Galileo: A Very Short Introduction

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Overview


In a startling reinterpretation of Galileo's trial, Stillman Drake advances the hypothesis that Galileo's prosecution and condemnation by the Inquisition was caused not by his defiance of the Church but by the hostility of contemporary philosophers. Galileo's own beautifully lucid arguments are used in this volume to show how his scientific method was utterly divorced from the Aristotelian approach to physics; it was based on a search not for causes but for laws. Galileo's methods had an overwhelming significance for the development of modern physics, and they led to a final parting of the ways between science and philosophy. Now, in this extraordinary and concise introduction, Drake provides a stimulating view of Galileo's life and works, providing a fresh perspective on Galileo's methodology and his final incrimination.

About the Series: Combining authority with wit, accessibility, and style, Very Short Introductions offer an introduction to some of life's most interesting topics. Written by experts for the newcomer, they demonstrate the finest contemporary thinking about the central problems and issues in hundreds of key topics, from philosophy to Freud, quantum theory to Islam.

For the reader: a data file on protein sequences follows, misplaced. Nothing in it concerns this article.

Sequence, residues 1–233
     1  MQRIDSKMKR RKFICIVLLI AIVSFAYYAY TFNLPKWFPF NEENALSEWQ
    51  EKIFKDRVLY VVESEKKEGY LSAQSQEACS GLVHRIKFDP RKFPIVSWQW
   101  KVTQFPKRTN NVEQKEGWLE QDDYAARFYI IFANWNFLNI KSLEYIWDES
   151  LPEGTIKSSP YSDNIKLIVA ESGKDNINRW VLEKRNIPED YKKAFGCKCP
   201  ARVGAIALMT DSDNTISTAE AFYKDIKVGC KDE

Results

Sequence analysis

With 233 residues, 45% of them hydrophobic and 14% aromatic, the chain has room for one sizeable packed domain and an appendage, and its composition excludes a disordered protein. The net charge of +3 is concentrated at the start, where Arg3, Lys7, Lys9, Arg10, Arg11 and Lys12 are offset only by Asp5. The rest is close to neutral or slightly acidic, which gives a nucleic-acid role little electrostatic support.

"An interesting and stimulating introduction to the life and works of Galileo by the doyen of Galilean studies."--Mathematical Reviews.

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Editorial Reviews

From the Publisher

"An interesting and stimulating introduction to the life and works of Galileo by the doyen of Galilean studies. The author studies the interplay of mathematical reasoning and physical experimentation in the genesis of the law of free fall and in the employment of Galileo's methodology."--Mathematical Reviews

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Product Details

  • ISBN-13: 9780192854568
  • Publisher: Oxford University Press
  • Publication date: 6/28/2001
  • Series: Very Short Introductions Series
  • Pages: 152
  • Sales rank: 765,261
  • Lexile: 1420L (what's this?)
  • Product dimensions: 6.70 (w) x 4.20 (h) x 0.40 (d)

Meet the Author

Stillman Dranke is a Professor Emeritus of History of Science at the University of Toronto.

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Table of Contents

List of illustrations
Introduction
1. The background
2. Galileo's early years
3. Conflicts with philosophers
4. Conflicts with astronomers and theologians
5. The Dialogue and the Inquisition
6. The final years
Reading list
Index

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